- Alzheimer’s Association 800.272.3900 24/7
- NIH Clinical Trials
- Good overview videos
What you can do to prevent Alzheimer’s | Lisa Genova
Gary Small MD/Successful Aging https://www.ted.com/talks/gary_small_the_formula_for_successful_aging?utm_campaign=tedspread&utm_medium=referral&utm_source=tedcomshare
- More in-depth clinical information
Dale Bredesen, MD A Precision Approach to End ALZ
- Reversal of cognitive decline in Alzheimer’s disease – Aging (Albany NY). 2016 Jun
- Reversal of Cognitive Decline: 100 Patients-Journal of Alzheimer’s Disease & Parkinsonism 2018
- Practical information about dementia care (Teepa Snow)
- Dementia prevention, intervention, and care: 2020 report of the Lancet Commission
- More Basic Information
10. Blue Zones bluezones.com
- Recent Article: Do we have to age?
12. Improve brain health with the MIND diet
- Diet: Ketoflex 12/3
14. George Washington Center for Integrative Medicine www.gwcim.com
15. Brain Growth Exercises
Elevate – Brain Training Games (phone app)
https://www.dakim.com/ Online and best used on a touch screen/iPad/Tablet
https://enrichvisits.com/ Workbooks for purchase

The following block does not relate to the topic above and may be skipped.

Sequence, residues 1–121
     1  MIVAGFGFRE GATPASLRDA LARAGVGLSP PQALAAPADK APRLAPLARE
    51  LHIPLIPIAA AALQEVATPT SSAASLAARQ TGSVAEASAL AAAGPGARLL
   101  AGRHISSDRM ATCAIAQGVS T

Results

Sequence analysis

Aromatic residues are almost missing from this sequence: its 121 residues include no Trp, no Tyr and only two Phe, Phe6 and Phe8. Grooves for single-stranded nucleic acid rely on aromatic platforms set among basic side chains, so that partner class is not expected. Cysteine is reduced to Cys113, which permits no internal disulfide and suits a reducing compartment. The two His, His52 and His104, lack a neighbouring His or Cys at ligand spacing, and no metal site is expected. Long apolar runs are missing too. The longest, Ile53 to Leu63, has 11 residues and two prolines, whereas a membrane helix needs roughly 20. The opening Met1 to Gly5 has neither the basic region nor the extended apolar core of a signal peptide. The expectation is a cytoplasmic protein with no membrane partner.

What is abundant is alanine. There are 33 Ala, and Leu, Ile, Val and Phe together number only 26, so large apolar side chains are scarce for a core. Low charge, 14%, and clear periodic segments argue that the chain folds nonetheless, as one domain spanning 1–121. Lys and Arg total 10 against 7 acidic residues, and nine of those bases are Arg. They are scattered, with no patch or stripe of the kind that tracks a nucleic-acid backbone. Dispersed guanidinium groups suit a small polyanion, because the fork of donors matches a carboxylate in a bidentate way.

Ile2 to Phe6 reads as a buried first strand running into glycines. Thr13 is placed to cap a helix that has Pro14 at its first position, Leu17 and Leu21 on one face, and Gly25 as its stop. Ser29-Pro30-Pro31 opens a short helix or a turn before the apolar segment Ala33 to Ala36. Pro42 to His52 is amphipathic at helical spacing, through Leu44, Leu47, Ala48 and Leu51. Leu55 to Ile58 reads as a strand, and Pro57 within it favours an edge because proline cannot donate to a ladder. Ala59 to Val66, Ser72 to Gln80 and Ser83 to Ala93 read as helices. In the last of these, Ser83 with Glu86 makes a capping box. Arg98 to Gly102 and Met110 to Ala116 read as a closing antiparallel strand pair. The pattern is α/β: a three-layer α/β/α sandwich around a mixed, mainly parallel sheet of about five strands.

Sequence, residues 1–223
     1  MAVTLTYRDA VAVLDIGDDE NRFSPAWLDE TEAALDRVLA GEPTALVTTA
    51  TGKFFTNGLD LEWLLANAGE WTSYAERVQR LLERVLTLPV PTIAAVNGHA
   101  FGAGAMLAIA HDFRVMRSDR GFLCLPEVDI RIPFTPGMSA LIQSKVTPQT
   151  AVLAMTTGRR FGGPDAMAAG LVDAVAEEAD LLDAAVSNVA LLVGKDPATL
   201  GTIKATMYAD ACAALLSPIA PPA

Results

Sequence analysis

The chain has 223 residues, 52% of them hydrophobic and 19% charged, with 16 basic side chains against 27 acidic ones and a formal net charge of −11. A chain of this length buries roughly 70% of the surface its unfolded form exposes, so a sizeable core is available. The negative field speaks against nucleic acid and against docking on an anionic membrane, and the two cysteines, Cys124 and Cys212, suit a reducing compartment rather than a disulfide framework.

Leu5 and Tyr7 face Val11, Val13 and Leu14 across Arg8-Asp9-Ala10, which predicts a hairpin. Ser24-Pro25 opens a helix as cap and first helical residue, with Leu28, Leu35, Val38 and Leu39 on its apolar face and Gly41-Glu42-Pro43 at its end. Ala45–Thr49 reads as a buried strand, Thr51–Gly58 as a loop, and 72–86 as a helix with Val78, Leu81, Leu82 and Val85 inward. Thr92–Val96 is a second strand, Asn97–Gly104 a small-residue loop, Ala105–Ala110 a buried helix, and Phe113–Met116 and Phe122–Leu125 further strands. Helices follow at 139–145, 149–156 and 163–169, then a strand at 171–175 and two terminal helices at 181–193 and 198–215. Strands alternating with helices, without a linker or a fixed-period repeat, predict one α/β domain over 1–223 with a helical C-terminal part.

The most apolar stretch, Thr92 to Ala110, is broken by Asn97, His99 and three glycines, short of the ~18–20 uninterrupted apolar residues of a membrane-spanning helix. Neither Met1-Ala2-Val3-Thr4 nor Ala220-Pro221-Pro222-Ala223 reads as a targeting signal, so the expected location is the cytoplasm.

www.luminosity.com Online, phone, tablet
https://www.goodwinhouse.org/stronger-memory/ Down loadable, free, worksheets
- Help for Families
Aging Life Care™ Association www.aginglifecare.org
National Alliance on Caregiving www.caregiving.org/
Dementia Action Alliance www.daanow.org
Other recent news…
Alzheimer’s Association International Conference 2020 HIGHLIGHTS
Flu and Pneumonia Vaccination Tied to Lower Risk of Alzheimer’s
New research at AAIC 2020 suggests that flu and pneumonia vaccination are associated with a reduced risk of Alzheimer’s. Two studies of older adults found that those who received either a flu or pneumonia vaccination were less likely to develop Alzheimer’s. Those who received the flu vaccine more regularly had an even lower risk. For pneumonia vaccination, the largest risk reduction was observed in people who do not carry one of the known genetic risk factors for Alzheimer’s — a variant of the TOMM40 gene.
- Blood tests that measure abnormal versions of the tau protein may — if verified through further research — diagnose Alzheimer’s dementia without additional confirmation; that is, not requiring autopsy examination, or both an amyloid and tau positron emission tomography (PET) scan.
- Heart health risk factors — such as high blood pressure, diabetes and being overweight — as early as adolescence can influence late-life memory and cognition, especially in African Americans.
- Higher quality early-life education is associated with better language and memory performance and lower risk of late-life dementia. This association can differ between men and women and between Black and white individuals.